We bought our tree last weekend and installed it in the usual corner in the living room. It's a happy seasonal ritual as we buy from a gentle man who brings trees from his Vermont farm to his sister's antique shop and sells them for $20 each. He remembers my daughter and I each year and we always have a cordial chat as we scour his small selection for just the right tree. The last word is always my daughter's who seems to intuitively know which one will fit our small house. Our Vermont tree grower ties it onto the car for us after he neatly trims the bottom. This year, I suddenly heard myself tell him that when I see him next, my daughter may not be with me as she'll be married and leaving home in the new year. He offered his congratulations with a kind eye towards me. "Oh Mom, you're gonna miss her", said with a knowing and wistful shake of the head.
On the drive home, as she has every year since she was a child, my daughter asked me to tell her a certain story yet again. One Christmas Eve long ago, when I was newly unemployed (there was another painful recession in the early 1990's that has since been eclipsed in most people's memory), I read in the newspaper that a tree farm near our apartment was offering free Christmas trees for anyone who had lost a job. Life had been hard for us so on a snowy afternoon, I drove to the farm with my daughter, who was three at the time. We trudged up to a wooden shack and opened a creaky door to find the tree farmer behind an old metal cash register. I told him I had lost my job and he silently reached behind him and took a large bow saw off the wall. He handed the saw to me! I had never cut anything with a saw in my life but moments later my daughter and I were stomping about outside in the now heavily falling snow, searching for a small tree to cut down.
Once I found the one I thought would be easy to carry up the flights of stairs to our flat, I crouched down in the wet snow at the base of the tree and began to saw. I never knew how hard sawing through a piece of wood was but somehow I felled the tree with a satisfying crack. Sadly, my only pair of gloves were in tatters from the effort but I managed to drag the tree to the car with my daughter plodding along behind by following my deep snowy footsteps. By the time the tree was tied inside the open trunk, we both looked like we had been dusted with powdered sugar. The air was bitingly cold and the sky quickly darkening and with my numb fingers I snapped my daughter into her car seat.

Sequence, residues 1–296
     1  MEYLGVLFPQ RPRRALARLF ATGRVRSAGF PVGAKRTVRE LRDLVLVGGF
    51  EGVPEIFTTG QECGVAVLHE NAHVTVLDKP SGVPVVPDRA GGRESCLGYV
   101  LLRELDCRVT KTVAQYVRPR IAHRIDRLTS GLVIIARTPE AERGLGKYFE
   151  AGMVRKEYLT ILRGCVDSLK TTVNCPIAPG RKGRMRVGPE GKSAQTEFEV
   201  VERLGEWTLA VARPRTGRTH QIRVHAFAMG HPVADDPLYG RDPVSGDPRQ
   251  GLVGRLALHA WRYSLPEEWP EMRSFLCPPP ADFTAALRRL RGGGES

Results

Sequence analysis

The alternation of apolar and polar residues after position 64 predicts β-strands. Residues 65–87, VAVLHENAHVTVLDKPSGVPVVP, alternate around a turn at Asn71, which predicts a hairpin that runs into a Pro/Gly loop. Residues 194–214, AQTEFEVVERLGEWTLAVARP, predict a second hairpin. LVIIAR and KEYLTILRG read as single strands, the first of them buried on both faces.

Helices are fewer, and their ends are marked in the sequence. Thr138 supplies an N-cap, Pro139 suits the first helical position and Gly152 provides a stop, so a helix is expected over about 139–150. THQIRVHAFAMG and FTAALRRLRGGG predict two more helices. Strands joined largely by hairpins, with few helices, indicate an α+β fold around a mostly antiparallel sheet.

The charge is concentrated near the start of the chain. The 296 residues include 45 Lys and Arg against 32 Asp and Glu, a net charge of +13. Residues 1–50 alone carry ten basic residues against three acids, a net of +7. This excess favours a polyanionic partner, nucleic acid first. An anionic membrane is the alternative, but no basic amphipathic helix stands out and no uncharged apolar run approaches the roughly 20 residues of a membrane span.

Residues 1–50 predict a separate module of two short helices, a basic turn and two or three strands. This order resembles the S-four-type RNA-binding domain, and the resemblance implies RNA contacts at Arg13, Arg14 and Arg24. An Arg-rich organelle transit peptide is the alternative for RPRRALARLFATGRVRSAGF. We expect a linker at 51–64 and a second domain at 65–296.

The driving was treacherous as I slowly made my way up the slick road to the top of a sloping hill. A short skid nearly stopped my heart and the wheels of my small car began spinning. I let the it roll back a bit to see if I could drive out of the icy patch and continue up the hill. Just as I succeeded, I heard my daughter speak in that odd matter-of-fact way children do when they think a parent can easily fix anything. "Mommy...the tree fell off". Peering through the nearly frozen-over back window I could see the green tree rolling down the hill, powdered snow bouncing off its limbs with every rotation until it hit a fence on the side of the road. Without my useless gloves, I put the emergency brake on, unhooked my daughter from the car seat and together we slid holding hands down to retrieve the tree which was now laying still beside the fence. Tears stung my eyes and I wanted to wail outloud. By the time we got home with the thing, we were wet and shaking from the cold and dampness. I left the tree outside leaning against our apartment house and put my small child in a warm bath. I made a call to a neighbor. His wife must have told him I was near tears because he came right away with a short saw to shave off the uneven bottom of the tree and then drag it up the stairs and install it in our tree stand. I thanked him and after he left, I tucked my daughter into her warmest pj's and drew her child's chair up to the low coffee table where she ate her dinner.
Soon the branches on the tree dropped enough so it could be trimmed. But I was tired, overwhelmed, and put out and if I didn't have a child high on anticipation, I would have turned off the lights and gone to bed. As I was agitatedly untangling the fairy lights, my eye suddenly caught something fluttering deep within the tree. It was a small brown rabbit, clinging to the trunk and shivering. I reached inside and gently cupped my hands around the tiny bunny. I could feel its tender heartbeat in my palm. My daughter rushed to my side with wide eyes and she and I stroked its fur with only our index fingers. I heard my daughter tell the bunny not to cry or worry. "My Mommy's here", she said. I realized that when we cut the tree we had disturbed this little creature's safe place and frightened, it had clung to a branch through all the dragging and rolling. And it had survived.
As luck would have it, our neighbor's sister kept rabbit dens and she dispatched her husband again who came and took the bunny. Oddly, my daughter never wondered about our little visitor again until she was older and I was implored to the tell the story of it each Christmas. I remember looking up the symbolic meaning of rabbits and came across words like "centering" and "balance in chaos". Finding a bunny in one's tree on Christmas Eve was too precious not to think about nuance. Soon after Epiphany, I was employed again and life took a happy turn.